Is My Slab in Jeapardy After Pipe Breakage?

I have a two-story house in Southern California and recently had a fresh water line break in or under the slab it's built on. I suspect the soil under the slab is high in clay content.
The water that came inside the house was enough to wet the carpet across a ten by four foot area so it was not a great volume. The restoration has proven to be a major project and the next phase will be a very expensive floor. The house has been repiped throughout since the leak.
My water bill indicates I used about 800 cu ft more than usual during that period. I did not notice any runoff outside the house so I am speculating that most of it went under the slab.
I am now wondering if the slab has enough support left to keep from buckling.
Is this something I should be concerned about?
Thank you,
Mike
Add pictures here
<% if( /^image/.test(type) ){ %>
<% } %>
<%-name%>
Add image file
Upload

Hi Mike, You know its really hard to say from your description of the water volume my first response would be NO its not a concern. However if this leak had gone on for a long time and undermined a large amount of dirt it may be an issue but still then I would only be concerned if it was near a corner or a load bearing wall. If you are in CA there is already plenty of rebar in place to hold the slab and house weight. A simple test you can do is take a small sledge hammer and hit the floor (not to hard as to chip it) in the area of the leak and then in an area away from the leak if you hear a sound difference then there has been erosion. Is this a concern..again probably not. Is the slab post tension? or standard? If you do not know check your garage floor if it is post tension there will be a stamp in the floor indicating this. Good Luck http://www.palmisanoconcrete.com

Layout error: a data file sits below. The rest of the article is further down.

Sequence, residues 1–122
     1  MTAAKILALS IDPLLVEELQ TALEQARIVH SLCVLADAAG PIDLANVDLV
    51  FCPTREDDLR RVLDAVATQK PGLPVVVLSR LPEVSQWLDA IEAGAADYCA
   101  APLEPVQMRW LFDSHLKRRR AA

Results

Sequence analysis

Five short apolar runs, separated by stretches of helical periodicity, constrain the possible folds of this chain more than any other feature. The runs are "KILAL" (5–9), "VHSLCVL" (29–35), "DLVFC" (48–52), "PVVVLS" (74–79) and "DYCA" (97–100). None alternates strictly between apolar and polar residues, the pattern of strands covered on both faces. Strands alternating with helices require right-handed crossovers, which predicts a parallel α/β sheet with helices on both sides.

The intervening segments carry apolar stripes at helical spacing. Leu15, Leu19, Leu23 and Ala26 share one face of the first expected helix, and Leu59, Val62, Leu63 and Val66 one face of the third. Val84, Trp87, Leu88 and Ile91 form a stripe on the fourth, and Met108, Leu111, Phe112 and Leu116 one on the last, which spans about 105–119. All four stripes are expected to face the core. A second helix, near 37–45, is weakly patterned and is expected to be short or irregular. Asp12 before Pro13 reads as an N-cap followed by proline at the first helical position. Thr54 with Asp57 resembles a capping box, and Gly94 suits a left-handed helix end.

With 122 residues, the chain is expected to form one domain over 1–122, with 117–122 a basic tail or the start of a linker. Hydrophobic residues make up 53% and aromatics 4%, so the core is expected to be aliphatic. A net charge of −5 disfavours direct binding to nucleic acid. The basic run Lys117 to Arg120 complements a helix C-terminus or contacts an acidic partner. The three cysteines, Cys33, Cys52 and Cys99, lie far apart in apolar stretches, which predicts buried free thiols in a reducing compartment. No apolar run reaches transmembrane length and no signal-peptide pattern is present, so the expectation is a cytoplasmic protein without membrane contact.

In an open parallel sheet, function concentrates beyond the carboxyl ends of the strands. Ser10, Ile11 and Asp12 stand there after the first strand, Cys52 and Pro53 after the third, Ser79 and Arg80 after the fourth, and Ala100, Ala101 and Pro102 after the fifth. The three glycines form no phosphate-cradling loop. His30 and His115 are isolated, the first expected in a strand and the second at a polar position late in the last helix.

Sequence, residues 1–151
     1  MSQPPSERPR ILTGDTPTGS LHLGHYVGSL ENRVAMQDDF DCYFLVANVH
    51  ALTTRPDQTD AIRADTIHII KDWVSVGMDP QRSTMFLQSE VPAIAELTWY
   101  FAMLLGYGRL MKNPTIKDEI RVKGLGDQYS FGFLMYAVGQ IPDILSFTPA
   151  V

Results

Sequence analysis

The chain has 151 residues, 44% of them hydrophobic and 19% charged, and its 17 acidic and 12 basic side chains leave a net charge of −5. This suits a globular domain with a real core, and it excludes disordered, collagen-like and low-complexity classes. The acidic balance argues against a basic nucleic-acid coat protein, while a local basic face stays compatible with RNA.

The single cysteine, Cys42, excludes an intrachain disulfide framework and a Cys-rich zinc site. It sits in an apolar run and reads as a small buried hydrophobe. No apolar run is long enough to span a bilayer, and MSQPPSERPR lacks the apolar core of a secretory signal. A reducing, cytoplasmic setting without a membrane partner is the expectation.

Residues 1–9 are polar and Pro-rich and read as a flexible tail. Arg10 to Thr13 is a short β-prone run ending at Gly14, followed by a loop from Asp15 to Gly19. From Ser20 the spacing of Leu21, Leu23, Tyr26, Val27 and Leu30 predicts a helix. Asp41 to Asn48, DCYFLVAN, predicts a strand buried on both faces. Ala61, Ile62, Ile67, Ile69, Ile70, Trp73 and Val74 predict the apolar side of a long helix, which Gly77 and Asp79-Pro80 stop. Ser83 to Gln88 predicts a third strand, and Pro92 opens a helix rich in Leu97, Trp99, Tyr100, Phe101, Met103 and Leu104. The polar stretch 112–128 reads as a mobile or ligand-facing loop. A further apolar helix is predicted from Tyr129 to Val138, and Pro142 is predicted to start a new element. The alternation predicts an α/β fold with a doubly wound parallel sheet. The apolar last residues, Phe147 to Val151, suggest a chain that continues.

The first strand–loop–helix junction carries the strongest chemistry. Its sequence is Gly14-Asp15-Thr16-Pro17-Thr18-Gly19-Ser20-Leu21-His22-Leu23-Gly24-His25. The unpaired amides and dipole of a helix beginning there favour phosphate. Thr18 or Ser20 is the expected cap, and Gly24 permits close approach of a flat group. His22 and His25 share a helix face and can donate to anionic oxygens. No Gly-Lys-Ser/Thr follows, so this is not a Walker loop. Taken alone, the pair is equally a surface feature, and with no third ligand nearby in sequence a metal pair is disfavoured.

Add pictures here
<% if( /^image/.test(type) ){ %>
<% } %>
<%-name%>
Add image file
Upload

I don't know if the slab is pre-stressed but I have never seen a stamp in the garage indicating that. The house is cheaply built and I doubt if they used the best methods for anything unless required by code.
The source of the leak is within a foot of an interior wall and I don't know if its' a load-bearer. From the location of the wall, I would speculate that it is load-bearing.
The floor is covered with vinyl tile which I don't want to remove due to hazmat considerations. I did strike in a couple places with a short sledge and thought I detected a slight difference in sound. But with vinyl on the floor its' not really a valid test.
From what you say the odds are good that there will not be a problem and I will place my bet that way.
I had the house re-piped as an alternative to going through the slab with a jackhammer thinking that it was foolish to repair one leak in an old piping system. In retrospect maybe I should have had them open the slab for a look around AND then repipe. Oh well, it's been such a hassle I just want to get a new floor and get on with life. If a problem shows up, I'll cope with it.
Thank you for your input.
Mike
Add pictures here
<% if( /^image/.test(type) ){ %>
<% } %>
<%-name%>
Add image file
Upload

HomeOwnersHub.com is a website for homeowners and building and maintenance pros. It is not affiliated with any of the manufacturers or service providers discussed here. All logos and trade names are the property of their respective owners.